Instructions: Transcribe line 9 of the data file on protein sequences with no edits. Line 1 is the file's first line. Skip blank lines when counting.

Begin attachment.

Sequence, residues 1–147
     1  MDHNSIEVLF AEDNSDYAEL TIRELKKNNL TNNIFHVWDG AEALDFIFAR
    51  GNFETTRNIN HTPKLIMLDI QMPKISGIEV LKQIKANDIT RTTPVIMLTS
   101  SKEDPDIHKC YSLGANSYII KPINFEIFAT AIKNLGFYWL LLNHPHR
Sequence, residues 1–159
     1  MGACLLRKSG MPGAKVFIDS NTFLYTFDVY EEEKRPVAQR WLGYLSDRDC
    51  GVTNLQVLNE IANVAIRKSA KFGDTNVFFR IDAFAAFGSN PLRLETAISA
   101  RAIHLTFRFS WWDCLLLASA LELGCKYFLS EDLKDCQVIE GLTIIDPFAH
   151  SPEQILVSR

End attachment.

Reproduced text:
   151  SPEQILVSR